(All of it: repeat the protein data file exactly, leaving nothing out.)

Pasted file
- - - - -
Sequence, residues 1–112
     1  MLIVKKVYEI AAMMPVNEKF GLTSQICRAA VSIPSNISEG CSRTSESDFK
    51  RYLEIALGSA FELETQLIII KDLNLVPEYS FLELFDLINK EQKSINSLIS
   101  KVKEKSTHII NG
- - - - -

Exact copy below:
Sequence, residues 1–112
     1  MLIVKKVYEI AAMMPVNEKF GLTSQICRAA VSIPSNISEG CSRTSESDFK
    51  RYLEIALGSA FELETQLIII KDLNLVPEYS FLELFDLINK EQKSINSLIS
   101  KVKEKSTHII NG